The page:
Leaving home, leaving work
Debbie McCoy has a picture of her camouflage-clad husband on her desk at work.
Sean McCoy, 37, stands beside a mortar in the desert of Indian Springs. His combat helmet shields his eyes from the sun. Debbie said the photo was taken while he was doing combat exercises.
She has worked at Mr. Gasket Performance Group in Carson City for 15 years. Her husband joined the manufacturer in April.
“He’s my American soldier,” Debbie said Thursday.
McCoy, a specialist with the Army National Guard, is on active duty, temporarily working at the Carson City National Guard office before he rejoins his unit at Fort Irwin, near Barstow, Calif. Debbie said her husband will be deployed in March. But that’s not definite, and she has no clue where he’ll go.
Ann Cox, human resource specialist at Mr. Gasket, said the company hired McCoy as a punch press operator five months before he was called to duty.
“What we do is bring someone in to fill the position he has until he gets back,” she said. “As soon as he gets back, he goes right back into his normal position.”
More than 100 business in Northern Nevada have recently been affected by deployment, according to the Carson City National Guard office.
Erick Studenicka, a public information officer with the National Guard, said several units from Northern Nevada were called to duty. That includes two units, part of a Calvary squadron out of Fallon and Yerington; members of a transportation unit out of Winnemucca, Elko and Reno are in Iraq; an aviation unit out of Stead will deploy in January to support Operation Enduring Freedom.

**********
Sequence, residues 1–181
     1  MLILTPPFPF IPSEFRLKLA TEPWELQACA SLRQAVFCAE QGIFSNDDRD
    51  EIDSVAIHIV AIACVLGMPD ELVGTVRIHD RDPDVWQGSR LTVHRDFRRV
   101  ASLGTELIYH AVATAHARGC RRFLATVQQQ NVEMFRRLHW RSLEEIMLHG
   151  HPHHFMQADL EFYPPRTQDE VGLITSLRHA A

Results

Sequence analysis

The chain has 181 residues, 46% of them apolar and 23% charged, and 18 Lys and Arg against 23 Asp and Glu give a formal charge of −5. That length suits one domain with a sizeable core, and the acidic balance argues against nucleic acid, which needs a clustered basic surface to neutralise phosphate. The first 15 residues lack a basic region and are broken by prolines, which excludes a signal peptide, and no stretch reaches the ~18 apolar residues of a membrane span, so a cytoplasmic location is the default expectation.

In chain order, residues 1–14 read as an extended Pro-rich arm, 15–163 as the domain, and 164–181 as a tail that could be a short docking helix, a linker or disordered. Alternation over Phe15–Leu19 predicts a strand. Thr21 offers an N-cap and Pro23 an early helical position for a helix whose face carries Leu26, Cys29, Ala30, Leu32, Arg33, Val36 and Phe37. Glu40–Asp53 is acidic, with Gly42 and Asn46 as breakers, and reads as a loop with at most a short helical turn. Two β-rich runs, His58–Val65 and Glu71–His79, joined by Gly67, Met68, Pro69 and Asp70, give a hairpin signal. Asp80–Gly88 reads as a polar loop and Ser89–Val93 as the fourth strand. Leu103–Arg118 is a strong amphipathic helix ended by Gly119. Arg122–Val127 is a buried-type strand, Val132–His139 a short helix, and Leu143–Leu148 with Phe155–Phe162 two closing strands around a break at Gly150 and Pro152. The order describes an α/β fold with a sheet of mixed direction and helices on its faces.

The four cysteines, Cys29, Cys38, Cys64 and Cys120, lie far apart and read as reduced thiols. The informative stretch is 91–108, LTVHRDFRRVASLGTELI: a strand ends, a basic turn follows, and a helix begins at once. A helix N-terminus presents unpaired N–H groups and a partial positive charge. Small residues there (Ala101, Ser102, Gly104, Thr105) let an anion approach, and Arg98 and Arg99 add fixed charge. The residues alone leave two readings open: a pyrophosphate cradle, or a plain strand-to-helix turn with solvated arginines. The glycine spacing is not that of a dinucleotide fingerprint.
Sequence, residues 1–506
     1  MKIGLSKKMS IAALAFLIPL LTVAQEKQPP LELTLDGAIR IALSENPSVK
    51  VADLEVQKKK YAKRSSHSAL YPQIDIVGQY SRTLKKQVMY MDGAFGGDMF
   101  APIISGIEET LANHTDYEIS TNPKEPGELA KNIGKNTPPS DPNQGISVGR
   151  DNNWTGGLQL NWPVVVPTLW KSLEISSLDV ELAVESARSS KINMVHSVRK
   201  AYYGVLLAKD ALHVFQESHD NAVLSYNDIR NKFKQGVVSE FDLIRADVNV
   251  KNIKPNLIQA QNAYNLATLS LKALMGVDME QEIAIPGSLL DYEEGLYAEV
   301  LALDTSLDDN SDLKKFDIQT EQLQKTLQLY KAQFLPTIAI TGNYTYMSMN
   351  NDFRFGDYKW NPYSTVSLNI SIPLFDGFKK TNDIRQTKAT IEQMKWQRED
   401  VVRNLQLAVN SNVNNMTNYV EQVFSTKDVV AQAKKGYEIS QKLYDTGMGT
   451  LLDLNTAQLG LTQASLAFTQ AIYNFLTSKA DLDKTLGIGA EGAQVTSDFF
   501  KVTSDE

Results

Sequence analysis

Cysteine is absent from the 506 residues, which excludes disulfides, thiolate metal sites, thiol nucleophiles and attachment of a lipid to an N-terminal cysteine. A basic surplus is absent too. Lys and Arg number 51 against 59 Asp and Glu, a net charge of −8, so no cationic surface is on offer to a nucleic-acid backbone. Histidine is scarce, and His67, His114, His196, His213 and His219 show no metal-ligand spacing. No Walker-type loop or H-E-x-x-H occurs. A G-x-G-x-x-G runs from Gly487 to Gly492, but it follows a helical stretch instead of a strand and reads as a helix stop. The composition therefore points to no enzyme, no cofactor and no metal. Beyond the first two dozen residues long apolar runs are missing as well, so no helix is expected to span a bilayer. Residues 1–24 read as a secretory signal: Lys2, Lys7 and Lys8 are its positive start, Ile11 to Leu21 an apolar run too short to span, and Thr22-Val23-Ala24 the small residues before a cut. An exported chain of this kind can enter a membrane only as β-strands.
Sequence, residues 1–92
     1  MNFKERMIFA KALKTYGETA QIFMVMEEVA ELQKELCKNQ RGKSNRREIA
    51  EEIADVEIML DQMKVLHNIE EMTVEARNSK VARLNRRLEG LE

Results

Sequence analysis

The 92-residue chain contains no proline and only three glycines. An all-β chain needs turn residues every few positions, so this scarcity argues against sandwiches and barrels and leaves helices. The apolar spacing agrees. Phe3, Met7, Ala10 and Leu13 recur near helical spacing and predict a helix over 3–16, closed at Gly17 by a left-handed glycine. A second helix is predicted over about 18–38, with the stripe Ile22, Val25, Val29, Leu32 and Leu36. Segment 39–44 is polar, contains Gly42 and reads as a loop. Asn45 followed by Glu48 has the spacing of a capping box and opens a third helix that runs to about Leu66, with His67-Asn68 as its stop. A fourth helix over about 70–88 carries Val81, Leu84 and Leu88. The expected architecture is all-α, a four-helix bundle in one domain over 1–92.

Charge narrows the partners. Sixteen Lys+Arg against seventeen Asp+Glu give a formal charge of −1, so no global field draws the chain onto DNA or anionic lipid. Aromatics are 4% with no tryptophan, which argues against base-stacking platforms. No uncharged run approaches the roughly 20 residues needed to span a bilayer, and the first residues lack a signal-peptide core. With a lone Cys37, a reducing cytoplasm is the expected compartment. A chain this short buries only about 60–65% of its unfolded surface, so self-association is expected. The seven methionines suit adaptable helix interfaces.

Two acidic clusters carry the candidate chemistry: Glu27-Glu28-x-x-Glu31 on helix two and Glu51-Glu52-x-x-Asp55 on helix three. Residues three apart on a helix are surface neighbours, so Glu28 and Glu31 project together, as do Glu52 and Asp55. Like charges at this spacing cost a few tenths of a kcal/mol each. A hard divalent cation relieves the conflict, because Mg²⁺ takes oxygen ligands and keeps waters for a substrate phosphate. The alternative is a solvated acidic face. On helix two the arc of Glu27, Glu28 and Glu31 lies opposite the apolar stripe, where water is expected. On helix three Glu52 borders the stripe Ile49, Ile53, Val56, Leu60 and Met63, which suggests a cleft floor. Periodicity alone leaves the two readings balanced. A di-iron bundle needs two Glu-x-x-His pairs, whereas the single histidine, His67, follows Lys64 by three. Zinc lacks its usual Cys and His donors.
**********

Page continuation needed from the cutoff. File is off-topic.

When service men and women leave for training and then deployment, an absence is left in the family and at their place of employment.
The government has enacted laws to ensure that servicemen like McCoy can slip back into the job they had before they left for duty. Mike Sullivan, Northern Nevada chairman of the Nevada Committee for the Employer Support of the Guard and Reserve Program, said his committee helps employers understand the rules and regulations regarding employees called to active duty.
Sullivan, a retired Marine Corps colonel, said he doesn’t know of any Nevada employers who’ve denied the job to a returning service member.
“Our employers go out of their way to support their employees,” he said.
McCoy said he is confident that he’ll have his job when he returns. He joined back up with the National Guard after the war in Afghanistan began.
“I want to go,” McCoy said. “I know what my job is going to be. I know why I’m going to be there. Most of the guys in my platoon feel the same way. If we do go to Iraq I’ll do street patrols and operate out of a fire base.”
He wants to make a difference in the world.
Douglas and Gary Minter, the father-son team who own Tip Top Amusement, recently had an electronic technicians called to duty.
Oscar Sessions, an Army National Guard specialist, is in Fort Irwin with his unit, which could be sent to Iraq. Gary Minter said he’ll have his job back when he returns. Tip Top has been in business in Carson City for 30 years.
Douglas Minter, who served with the Naval Air Force during World War II, said it may be an inconvenience to replace a worker temporarily, but it’s worth it.
“With out men like him volunteering we wouldn’t have freedom, which is why it’s not such a bad inconvenience,” he said.
Scott Magruder, Nevada Department of Transportation spokesman, said recently up to seven NDOT employees were deployed overseas. Every time someone leaves, an 18-inch banner emblazoned with red and white with a blue star is put outside the building.
One flag is out now, for Aaron Dawson, who is serving in the Middle East.
Contact reporter Becky Bosshart at firstname.lastname@example.org or 881-1212.
Some Carson City businesses and agencies recently awarded as patriotic employers:
Employee: Sean McCoy of Stagecoach
Tip Top Amusement
Oscar Sessions of Fernley
Aaron Dawson of Reno
John Deal of Washoe Valley
Colby Ford of Dayton
Don Welch of Fallon
Eric Wood of Carson City